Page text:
There's times when being a parent is so frustrating - and so hard. There are times when you know what the right thing is to do as a parent - even though it is tough on everyone.
Yesterday was one of those days. James and Anna both have been having a very hard time listening, obeying, and being respectful of others. I'm not sure if it stems from the sibling rivalry that has descended on our house, the anticipation of Christmas, or just the barometric pressure - but truth be told - both of them spent the better part of their Thanksgiving holiday in time out. Okay, that might be a bit of an exaggeration - but really, they were separated from each other quite a bit, and both did spend a significant amount of time 'thinking about what they had done.'
In addition to sparring with each other, they have been horrible about not listening to Deonne and I. When we try to talk to them or direct them to a task - they either blatantly refuse, ignore, or do the complete polar opposite.
Which is frustrating in and of itself - but compounded when safety is a concern. It may be one thing for James to ignore me and skip and run away in the backyard - but when he's headed down the driveway for the street - or away from me in the parking lot at school - then it's a whole other issue. Patience runs thin. I get very upset and angry. He listens even less. Repeat cycle.
So far it's been limited to home - but yesterday surfaced in his preschool class. The kids work hard to earn their symbol of a 'good' day at school by a colored bear system. Green Bear - awesome day. Yellow Bear - okay day. Red Bear - horrible day.
I think if they had a Black Bear that James would have earned it yesterday.
The same old stuff he's been doing at home - not listening, disobeying, not following the rules, being unruly, talking out of turn - being a disrespectful turd. Apparently he was SO bad that they had to take him to another teacher to administer a stern talking to.
So when I picked him up yesterday, I was very excited as we were off to the church Advent activity party for kids. Dinner and crafts for children all centered around this season of expectation. The kids had been looking forward to it all week (they'd been given handouts about it in their respective Sunday school classes), and truth be told I was as well. Deonne and I had arranged for him to pick up Jack so I could spend some time with my older two without wrangling a 19 month old.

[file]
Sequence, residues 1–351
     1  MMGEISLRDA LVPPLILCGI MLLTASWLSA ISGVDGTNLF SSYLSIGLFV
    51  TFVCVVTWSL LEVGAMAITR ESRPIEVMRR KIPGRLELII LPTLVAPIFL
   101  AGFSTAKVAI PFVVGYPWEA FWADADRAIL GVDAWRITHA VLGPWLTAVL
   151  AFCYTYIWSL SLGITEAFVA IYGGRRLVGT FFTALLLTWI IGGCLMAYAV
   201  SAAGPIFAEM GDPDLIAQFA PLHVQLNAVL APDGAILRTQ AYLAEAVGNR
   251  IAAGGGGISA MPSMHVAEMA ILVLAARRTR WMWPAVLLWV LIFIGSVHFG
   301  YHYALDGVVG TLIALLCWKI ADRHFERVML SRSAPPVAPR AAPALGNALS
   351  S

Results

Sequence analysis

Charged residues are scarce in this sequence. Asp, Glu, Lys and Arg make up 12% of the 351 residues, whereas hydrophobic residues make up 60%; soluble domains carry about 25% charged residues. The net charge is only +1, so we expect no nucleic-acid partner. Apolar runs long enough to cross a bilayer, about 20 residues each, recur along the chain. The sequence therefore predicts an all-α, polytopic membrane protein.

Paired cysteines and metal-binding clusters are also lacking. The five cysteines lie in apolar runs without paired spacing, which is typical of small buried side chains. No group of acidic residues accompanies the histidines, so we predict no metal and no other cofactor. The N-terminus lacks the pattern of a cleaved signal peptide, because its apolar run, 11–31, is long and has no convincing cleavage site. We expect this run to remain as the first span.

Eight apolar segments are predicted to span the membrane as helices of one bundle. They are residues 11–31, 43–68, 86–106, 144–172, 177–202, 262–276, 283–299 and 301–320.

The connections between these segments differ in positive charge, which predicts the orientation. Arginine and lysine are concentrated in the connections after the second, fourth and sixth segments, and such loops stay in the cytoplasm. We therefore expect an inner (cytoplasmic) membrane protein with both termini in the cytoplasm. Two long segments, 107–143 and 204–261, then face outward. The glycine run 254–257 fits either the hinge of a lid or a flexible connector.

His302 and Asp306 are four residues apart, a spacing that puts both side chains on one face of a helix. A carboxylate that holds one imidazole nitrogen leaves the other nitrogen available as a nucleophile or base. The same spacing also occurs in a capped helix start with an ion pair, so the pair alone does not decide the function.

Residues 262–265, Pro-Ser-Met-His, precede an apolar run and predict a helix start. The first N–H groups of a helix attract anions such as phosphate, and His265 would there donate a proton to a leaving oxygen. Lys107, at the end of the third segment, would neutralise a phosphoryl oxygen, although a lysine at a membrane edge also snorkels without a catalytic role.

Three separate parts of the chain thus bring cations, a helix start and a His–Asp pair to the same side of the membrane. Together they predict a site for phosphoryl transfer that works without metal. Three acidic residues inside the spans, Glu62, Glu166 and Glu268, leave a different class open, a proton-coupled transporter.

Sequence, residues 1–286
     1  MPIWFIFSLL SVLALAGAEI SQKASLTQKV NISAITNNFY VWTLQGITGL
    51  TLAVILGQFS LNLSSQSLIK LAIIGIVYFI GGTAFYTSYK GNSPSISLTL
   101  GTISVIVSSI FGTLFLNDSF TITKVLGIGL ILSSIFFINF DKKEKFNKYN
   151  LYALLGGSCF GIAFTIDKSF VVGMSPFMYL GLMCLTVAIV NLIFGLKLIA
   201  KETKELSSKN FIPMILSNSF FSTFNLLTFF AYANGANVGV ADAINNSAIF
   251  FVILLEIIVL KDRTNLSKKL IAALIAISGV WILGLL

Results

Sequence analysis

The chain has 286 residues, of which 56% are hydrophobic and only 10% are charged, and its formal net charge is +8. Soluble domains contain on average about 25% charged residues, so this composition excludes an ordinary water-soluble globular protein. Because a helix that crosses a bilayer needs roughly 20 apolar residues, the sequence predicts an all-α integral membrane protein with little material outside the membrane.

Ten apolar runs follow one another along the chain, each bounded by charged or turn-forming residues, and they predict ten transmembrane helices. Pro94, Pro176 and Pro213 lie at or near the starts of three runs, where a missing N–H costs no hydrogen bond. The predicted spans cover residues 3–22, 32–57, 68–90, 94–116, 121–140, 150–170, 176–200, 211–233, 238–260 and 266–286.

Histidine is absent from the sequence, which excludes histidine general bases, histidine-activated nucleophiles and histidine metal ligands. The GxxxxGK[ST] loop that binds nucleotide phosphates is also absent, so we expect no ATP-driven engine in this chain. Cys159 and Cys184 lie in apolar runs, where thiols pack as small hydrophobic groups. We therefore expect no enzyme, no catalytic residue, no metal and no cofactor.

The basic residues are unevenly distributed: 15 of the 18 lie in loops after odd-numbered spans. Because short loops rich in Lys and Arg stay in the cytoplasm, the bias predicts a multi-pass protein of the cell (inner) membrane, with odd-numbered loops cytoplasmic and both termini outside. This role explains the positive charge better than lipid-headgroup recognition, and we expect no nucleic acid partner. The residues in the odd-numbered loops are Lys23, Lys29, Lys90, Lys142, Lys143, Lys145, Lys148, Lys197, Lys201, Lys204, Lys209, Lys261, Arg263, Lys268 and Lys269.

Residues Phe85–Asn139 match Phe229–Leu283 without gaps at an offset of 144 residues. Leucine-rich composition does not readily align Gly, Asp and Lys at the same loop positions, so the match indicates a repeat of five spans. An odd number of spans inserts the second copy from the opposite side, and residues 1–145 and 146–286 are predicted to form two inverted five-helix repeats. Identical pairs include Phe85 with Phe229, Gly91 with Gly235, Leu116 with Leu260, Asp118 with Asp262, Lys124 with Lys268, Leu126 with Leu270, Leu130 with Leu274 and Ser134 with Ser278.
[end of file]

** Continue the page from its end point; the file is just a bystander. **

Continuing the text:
When I found out about his day - his teacher and I had a talk - and we were both of the opinion that he shouldn't get to participate in the Advent party. Fun things like parties are rewards for good behavior. But his little face fell when we talked to him about staying until Daddy could pick him up and not going to church just about broke both mine and his teacher's hearts. And it was church, right? How could I deny my child the opportunity to learn about the LORD?
So we talked, and negotiated, and decided that he could go to the Advent party - but in exchange, he was losing his family movie night on Friday. Now, Friday Movie Night is a big deal for the Party kids - so to tell him he had to stay in his room while we all watched a movie was devastating to him. However, we all agreed that if has Green Bear days both today (Thursday) and tomorrow (Friday) he could earn it back.
So. Off we go to pick up Anna from her school and head to church.
In the car on the way there we talked at length about staying close to me - not running off - listening and obeying - as I could only imagine how crazy the Fellowship Hall would be with the entire congregation of children doing crafts at different stations. I didn't want to risk losing track of him and having to chase him around in circles to obey.
He agreed wholeheartedly - that he would be a good boy and "obey right away without delay."
And then we arrived at Anna's school - and as soon as he was unbuckled from his seat - he was off and running away. Down the sidewalk and into the school, long before I could ever reach him. And upon entering the cafeteria, he started grabbing the pen parents use to sign their kids out from After Care, then running around the tables, digging in the cart of craft stuff, and NOT listening to a word I was saying.
Anna, thankfully, had a great day (she's been an angel at school - she has incentive. She needs 10 days of Smiley Face Days in a row to get to go see that new movie Tangled.) She happily put her homework away, picked up her coat, got in the car, buckled herself in and was excited as all get-out to go to the Advent party.
And then I had to make the call - I had to make the decision.
We didn't go to church. We missed the Advent party. I just couldn't risk James' behavior being so awful, nor could I continue to reward his behavior.
So we went home.
James went to his room (screaming and stomping the entire way up two flights of stairs.) Anna was sad about not going (my little craft girl) but perked up when I told her she could watch a movie before dinner.
It would have been much easier to just let it slide - to let it go - and take him to church. And that little voice in my head kept saying 'it's CHURCH - how can you deny them that?'
But the bigger voice told me I was doing the right thing. Even though it was hard. And it sucked.
This is one of those parts of parenting they don't tell you about in that "What to Expect" book we all read as pregnant mommies....